When schools worldwide began shifting from face-to-face to virtual classrooms due to the pandemic, educators were forced to rethink and redesign their learning environments – essentially overnight. While technology in schools had been rising for years, few teachers had extensive experience in conducting learning in a mostly online environment.
In Honduras, nearly 25,000 schools have been closed since 2020. This has represented a challenge for a country where only 16.6% of the population has internet access at home. Only 12.8% of the population access this service from a computer, while 87.2% do so from a cell phone1. Also, about 70% of Honduran teachers expressed the great need to strengthen their digital knowledge and skills to teach in online learning environments2.
To tackle these challenges, ISTE (the International Society for Technology in Education) partnered with IDB to distribute a free online professional development program to a group of educators from the Ministry of Education in Honduras. These educators are part of the National Program for Digital Educational Transformation (PNTED) in four provinces of the country (Cortés, Francisco Morazán, Intibucá and Lempira) and decided to take the program on a voluntary basis.
ISTE’s Online Teaching Academy supported these educators through self-paced courses, expert webinars, and a learning community in four foundational areas for online teaching:
- Equity and Inclusion: when teachers and students switched to online learning, low-income populations were more adversely affected by the transition to this new model of remote schooling.
- Creating Community: Instructional content is essential, but excellent learning requires strong relationships through effective communication and collaboration – both between students and teachers and amongst the students themselves.
- Designing Online Instruction: Digitally transformed teaching can’t just be a simple translation from face-to-face lessons. Online teaching brings unique challenges – such as overwhelming students’ cognitive load – but also unique opportunities — such as increasing student agency through personalization.
- Feedback and Assessments: In an online environment, teachers need to think differently about how they provide feedback on their students’ work and how they assess their progress.
Testimonies of some participant teachers are:
“Our job as teachers is to make learning accessible to all our students without exception, treat them all equally, involve them in all activities and provide them with the necessary support to achieve learning. The identity chart for students caught my attention because it allows us to identify and characterize each student to help them learn equally. These charts also help students define who they are as individuals and as members of the community.”
Heidy Marisela Lemus Santos, Teacher at Centro Básico Juan Lindo, San Antonio Intibucá.
“These methods placed us in a different status in relation to other teachers in Honduras, especially in communication and interaction through virtual environments, collaborative work, and techniques for the transfer of knowledge. These techniques allowed us to conceptualize and prioritize what the student really needs to learn”.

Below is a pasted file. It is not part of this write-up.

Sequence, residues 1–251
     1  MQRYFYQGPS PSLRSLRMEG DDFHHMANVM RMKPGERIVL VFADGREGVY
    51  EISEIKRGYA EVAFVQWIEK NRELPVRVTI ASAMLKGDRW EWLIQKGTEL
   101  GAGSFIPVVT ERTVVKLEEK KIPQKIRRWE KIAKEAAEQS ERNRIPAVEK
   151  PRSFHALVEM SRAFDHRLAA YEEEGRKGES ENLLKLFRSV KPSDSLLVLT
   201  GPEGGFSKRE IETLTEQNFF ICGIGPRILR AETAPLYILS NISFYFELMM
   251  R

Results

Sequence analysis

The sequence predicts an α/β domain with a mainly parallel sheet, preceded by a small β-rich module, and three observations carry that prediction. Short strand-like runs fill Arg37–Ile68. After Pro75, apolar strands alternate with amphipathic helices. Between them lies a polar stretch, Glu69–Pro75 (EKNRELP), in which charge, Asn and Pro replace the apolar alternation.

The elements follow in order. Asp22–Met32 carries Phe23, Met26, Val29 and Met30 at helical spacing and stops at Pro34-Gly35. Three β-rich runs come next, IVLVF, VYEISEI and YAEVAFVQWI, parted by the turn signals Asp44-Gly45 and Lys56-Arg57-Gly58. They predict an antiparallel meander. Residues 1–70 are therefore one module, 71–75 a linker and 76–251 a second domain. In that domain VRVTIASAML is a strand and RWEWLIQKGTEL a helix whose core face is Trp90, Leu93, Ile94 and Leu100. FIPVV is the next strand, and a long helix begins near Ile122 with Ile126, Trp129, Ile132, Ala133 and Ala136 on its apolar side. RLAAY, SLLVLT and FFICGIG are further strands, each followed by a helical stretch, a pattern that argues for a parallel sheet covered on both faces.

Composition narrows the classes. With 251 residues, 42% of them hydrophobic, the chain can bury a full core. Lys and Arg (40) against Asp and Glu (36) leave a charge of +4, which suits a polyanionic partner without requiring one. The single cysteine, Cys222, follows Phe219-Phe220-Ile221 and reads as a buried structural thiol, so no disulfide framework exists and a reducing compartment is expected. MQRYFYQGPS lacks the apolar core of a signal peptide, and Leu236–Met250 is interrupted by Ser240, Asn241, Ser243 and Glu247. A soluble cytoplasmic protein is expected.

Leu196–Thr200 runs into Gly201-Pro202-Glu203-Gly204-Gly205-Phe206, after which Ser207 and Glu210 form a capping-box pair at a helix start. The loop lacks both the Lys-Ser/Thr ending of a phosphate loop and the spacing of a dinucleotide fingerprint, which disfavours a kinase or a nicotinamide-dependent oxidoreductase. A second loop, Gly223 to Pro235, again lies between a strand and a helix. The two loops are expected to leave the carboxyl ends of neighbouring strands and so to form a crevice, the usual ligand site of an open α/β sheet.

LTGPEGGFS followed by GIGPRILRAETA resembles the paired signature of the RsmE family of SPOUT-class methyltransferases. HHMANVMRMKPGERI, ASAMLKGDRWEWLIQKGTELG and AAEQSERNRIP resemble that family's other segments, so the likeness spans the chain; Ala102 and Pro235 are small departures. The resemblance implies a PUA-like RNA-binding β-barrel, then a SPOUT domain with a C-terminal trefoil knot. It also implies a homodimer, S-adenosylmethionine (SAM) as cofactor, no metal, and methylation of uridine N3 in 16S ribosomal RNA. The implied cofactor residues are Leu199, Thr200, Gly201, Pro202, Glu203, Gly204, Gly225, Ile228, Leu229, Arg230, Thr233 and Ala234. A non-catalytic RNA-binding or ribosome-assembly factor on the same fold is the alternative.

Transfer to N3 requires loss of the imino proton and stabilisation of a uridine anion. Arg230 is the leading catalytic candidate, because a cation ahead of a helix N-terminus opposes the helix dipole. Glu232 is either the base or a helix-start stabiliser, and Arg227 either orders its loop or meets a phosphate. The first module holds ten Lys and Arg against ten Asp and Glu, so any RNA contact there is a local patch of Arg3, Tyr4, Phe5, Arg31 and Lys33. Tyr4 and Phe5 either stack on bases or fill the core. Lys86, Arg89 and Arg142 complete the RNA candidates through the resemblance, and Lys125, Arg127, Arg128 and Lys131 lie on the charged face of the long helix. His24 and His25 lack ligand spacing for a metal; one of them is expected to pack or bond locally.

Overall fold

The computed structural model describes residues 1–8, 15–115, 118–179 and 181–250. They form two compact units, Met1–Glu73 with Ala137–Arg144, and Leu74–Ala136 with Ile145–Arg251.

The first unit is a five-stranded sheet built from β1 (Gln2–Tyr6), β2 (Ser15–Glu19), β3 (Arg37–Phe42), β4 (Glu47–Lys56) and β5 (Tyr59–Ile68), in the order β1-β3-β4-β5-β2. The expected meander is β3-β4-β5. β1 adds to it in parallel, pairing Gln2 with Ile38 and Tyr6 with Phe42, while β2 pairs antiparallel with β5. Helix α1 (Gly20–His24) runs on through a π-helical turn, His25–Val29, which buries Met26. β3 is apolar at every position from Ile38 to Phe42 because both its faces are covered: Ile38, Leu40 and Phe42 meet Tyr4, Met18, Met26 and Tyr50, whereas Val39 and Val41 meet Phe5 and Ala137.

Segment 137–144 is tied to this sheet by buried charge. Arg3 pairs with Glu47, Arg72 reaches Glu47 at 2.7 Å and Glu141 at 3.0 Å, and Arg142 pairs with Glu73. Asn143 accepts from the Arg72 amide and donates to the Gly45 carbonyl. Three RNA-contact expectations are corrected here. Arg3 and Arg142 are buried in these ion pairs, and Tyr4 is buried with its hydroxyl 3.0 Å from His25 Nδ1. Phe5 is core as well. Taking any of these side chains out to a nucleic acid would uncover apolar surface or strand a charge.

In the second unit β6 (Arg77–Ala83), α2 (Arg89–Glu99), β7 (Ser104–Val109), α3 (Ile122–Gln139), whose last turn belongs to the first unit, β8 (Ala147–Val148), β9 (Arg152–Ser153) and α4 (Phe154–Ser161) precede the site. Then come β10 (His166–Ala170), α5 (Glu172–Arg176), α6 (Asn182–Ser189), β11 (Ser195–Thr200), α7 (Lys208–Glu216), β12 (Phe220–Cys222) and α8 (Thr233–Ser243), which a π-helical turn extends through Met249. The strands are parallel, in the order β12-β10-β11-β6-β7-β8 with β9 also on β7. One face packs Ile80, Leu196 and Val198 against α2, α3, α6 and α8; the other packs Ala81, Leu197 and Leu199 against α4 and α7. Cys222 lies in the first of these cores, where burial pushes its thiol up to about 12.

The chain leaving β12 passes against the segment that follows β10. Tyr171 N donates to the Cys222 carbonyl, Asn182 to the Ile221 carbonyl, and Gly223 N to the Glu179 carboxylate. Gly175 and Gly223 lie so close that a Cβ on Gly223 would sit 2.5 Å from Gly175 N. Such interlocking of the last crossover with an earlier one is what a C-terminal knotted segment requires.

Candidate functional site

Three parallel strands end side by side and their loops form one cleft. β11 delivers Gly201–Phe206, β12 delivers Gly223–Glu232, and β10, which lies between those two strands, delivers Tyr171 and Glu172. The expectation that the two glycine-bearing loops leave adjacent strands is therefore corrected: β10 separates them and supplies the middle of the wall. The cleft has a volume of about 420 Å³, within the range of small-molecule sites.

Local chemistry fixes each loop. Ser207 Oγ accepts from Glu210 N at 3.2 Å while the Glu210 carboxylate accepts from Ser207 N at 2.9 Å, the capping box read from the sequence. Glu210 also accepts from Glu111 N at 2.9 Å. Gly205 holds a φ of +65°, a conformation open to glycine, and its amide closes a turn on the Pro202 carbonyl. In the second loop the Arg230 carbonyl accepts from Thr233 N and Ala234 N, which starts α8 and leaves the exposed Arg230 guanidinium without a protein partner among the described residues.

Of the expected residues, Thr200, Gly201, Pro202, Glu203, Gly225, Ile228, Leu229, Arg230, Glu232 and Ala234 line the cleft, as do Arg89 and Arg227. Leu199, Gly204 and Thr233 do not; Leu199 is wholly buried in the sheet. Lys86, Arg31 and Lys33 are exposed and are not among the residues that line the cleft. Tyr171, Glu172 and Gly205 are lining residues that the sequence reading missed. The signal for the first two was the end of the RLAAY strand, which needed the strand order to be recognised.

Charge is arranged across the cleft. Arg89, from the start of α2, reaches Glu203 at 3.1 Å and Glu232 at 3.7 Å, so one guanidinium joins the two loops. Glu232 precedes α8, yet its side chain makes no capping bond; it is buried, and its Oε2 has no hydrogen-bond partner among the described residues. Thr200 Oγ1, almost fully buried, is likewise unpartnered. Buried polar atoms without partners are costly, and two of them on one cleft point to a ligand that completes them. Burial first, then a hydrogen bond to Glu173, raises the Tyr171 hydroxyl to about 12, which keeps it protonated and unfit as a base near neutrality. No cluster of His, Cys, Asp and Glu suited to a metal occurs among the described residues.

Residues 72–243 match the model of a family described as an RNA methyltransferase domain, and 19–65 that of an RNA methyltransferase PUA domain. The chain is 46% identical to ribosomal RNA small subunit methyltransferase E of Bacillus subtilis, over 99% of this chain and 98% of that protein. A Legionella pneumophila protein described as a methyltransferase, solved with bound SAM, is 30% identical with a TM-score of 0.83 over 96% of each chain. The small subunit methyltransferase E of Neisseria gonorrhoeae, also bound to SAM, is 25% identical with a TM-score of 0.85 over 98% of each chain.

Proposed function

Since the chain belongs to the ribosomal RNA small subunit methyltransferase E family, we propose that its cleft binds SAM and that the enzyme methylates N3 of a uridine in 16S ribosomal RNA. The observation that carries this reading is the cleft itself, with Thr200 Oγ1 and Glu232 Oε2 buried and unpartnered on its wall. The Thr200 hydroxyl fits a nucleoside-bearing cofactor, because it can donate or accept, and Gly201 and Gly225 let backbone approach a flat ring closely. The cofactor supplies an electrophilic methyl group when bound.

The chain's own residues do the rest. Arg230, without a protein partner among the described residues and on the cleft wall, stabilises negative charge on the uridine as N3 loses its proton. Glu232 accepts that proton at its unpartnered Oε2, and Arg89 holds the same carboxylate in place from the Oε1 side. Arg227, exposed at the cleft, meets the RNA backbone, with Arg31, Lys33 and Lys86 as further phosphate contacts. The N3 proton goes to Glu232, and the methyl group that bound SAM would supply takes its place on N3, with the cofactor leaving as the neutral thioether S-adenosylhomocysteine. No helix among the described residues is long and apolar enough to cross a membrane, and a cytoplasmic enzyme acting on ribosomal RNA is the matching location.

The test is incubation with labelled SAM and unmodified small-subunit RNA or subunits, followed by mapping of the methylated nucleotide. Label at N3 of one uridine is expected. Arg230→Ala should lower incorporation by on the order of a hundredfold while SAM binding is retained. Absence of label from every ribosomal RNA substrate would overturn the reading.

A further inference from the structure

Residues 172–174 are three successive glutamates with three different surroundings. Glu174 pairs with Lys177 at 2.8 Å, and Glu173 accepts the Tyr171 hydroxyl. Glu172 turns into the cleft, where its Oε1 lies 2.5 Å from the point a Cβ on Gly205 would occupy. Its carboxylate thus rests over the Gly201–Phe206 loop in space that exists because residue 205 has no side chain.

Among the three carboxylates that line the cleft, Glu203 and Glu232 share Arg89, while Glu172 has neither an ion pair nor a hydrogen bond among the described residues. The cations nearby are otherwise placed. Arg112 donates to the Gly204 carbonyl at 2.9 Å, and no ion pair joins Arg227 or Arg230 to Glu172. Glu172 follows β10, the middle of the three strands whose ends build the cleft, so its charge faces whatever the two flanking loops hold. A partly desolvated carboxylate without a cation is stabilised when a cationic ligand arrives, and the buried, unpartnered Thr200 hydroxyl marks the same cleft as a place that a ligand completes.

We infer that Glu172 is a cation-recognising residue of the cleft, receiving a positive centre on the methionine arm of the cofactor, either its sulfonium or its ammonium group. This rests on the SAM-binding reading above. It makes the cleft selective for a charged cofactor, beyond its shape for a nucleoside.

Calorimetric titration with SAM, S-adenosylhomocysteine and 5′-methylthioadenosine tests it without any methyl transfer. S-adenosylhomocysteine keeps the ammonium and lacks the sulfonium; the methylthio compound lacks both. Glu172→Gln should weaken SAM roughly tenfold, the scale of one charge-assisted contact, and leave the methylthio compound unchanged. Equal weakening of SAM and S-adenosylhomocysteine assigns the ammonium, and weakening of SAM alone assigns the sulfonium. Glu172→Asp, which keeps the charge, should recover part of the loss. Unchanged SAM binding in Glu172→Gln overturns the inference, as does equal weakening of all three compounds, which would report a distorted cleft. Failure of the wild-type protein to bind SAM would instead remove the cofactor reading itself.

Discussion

Marta Lilian Maldonado Rodas, Director of the Centro Básico República de Honduras, San Pedro Sula, Cortés.
Nearly 88 teachers from Honduras joined thousands of fellow educators from around the world to participate in ISTE’s Online Teaching Academy in 2021. Participants were able to access:
- Four two-hour courses, one on each of the foundational topics above, that include interactive activities and real-world examples.
- Five webinars through which expert speakers from ISTE’s community model and deliver practical and explicit strategies for teaching online.
- Rich discussion communities to build upon each other’s lessons learned, share resources, and seek advice.
Of those who completed the program:
- 92% felt more knowledgeable than before on these topics.
- 96% would recommend this course to their colleagues and other educators.
- 96% believe that this course has had a positive impact on their practice.
At the IDB we are placing education and human capital at the center of our efforts, reflected in our Vision 2025 to recover and transform the economies of the region to address the challenges and losses experienced during the last 2 years. With a global digital education transformation already underway, many shifts brought about by the pandemic are here to stay. Education will – and should – never look the same. The skills that educators are building will continue to transform what learning looks like.
We look forward to continuing our work with members of the 21st Century Skills Coalition such as ISTE to ensure that all students and teachers have access to relevant skills development and continuous learning opportunities throughout their life. Investing in education and talent is the key to sustainable economic growth, to greater equality, and to increased social inclusion and mobility.
We would love to know more about the challenges you are facing, and the opportunities created in your shift from in person to online teaching environments. How has your experience been so far? How has your school addressed these challenges? Share your opinions in our comments section below!